We welcome your comments and suggestions. Please direct them to Dean Schroeder at firstname.lastname@example.org or to me. Thank you again for your attention to this important matter.
Dear Knox Colleagues,
On November 27th of last year and January 27th of this year, I updated the campus on the College's efforts to develop and advance our compliance with Title IX and to provide all of our students with an educational environment that is free from discrimination of all types. We continue to make strides in our compliance efforts, and I am grateful to the efforts of everyone who has worked on this initiative with me. Making Knox a better place truly resonates with our history of access and excellence.
Along those same lines, I write today to tell you of an important opportunity we have to continue to improve the Knox educational environment. In cooperation with the College's principal insurer, United Educators (UE), all Knox employees will have access to online training regarding sexual harassment awareness and prevention. Because this training is of the utmost importance to our community, I am directing that all employees participate in this online training and complete the required program by Monday, March 31, 2014.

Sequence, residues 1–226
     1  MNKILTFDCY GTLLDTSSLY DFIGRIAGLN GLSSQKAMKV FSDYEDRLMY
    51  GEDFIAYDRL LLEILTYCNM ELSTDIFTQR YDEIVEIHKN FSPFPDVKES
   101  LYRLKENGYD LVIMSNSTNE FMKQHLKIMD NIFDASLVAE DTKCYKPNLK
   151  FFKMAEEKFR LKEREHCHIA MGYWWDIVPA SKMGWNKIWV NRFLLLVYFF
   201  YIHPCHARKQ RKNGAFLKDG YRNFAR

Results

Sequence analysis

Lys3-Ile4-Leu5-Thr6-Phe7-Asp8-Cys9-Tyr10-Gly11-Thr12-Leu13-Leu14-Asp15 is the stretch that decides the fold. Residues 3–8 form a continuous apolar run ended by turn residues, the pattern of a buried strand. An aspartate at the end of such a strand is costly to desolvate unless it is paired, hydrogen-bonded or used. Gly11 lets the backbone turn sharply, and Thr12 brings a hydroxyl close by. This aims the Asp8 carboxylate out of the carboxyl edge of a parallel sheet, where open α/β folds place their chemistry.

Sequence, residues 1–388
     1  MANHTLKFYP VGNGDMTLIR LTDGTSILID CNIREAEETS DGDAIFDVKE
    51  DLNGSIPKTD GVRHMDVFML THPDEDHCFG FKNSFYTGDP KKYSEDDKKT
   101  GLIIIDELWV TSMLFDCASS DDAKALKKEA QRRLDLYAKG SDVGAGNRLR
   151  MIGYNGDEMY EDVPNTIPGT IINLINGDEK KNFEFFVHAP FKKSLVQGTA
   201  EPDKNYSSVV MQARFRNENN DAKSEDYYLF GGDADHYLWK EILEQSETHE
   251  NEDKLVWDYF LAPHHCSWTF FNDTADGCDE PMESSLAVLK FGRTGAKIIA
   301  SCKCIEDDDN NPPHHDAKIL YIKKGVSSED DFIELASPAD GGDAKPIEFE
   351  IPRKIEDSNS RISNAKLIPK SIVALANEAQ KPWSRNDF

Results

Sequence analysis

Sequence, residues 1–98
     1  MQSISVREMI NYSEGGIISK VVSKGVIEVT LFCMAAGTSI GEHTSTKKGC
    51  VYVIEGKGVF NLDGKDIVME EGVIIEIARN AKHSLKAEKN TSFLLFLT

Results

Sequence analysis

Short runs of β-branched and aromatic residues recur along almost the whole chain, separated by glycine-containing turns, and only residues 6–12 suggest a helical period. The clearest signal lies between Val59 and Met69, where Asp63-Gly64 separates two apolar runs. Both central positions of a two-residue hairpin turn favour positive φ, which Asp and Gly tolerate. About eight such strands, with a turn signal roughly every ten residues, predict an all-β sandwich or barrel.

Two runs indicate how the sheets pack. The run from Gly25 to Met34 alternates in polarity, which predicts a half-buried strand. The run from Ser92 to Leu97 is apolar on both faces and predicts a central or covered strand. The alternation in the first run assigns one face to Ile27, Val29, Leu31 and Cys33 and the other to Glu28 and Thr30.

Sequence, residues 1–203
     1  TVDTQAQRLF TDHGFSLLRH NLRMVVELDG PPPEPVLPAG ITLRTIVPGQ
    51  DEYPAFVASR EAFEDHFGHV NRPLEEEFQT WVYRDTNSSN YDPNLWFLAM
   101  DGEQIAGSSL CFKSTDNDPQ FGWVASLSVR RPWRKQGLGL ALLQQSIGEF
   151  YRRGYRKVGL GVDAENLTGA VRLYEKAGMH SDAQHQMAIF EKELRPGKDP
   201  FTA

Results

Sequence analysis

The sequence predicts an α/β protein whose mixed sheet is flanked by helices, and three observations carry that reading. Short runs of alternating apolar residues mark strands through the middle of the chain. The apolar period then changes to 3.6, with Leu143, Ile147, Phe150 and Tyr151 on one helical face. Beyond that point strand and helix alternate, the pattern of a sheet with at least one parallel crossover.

In true Knox fashion, we are already off to a good start as nearly one-third of all Knox employees have participated in the training since September 2013 and have received certification. The success of the program thus far leads me to believe that with a concerted effort on the part of supervisors and individual employees, we can meet the March 31st deadline. I am asking supervisors to work with their staff to ensure that they are aware of the need for this training and that adequate time and access to computers is given to employees to participate. I anticipate that the online training will take no more than one hour. Hourly employees will be paid for the time required for the training.
Why is this important?
Most of all, this is important because of our mission and history: we are committed to a campus environment that is free from discriminatory behaviors and actions that are harmful to individuals and to our community as whole and that undermine our mission as a college. In addition, as an institution, Knox has a degree of responsibility for the actions of its employees (faculty and staff) and even guests (visitors, contractors, etc.). The responsibility is not absolute but under the law, Knox-like any other employer-must take reasonable steps to address and prevent behaviors and actions on campus that are illegal under federal and state laws, and especially so when it has reason to believe or actually knows of illegal behavior.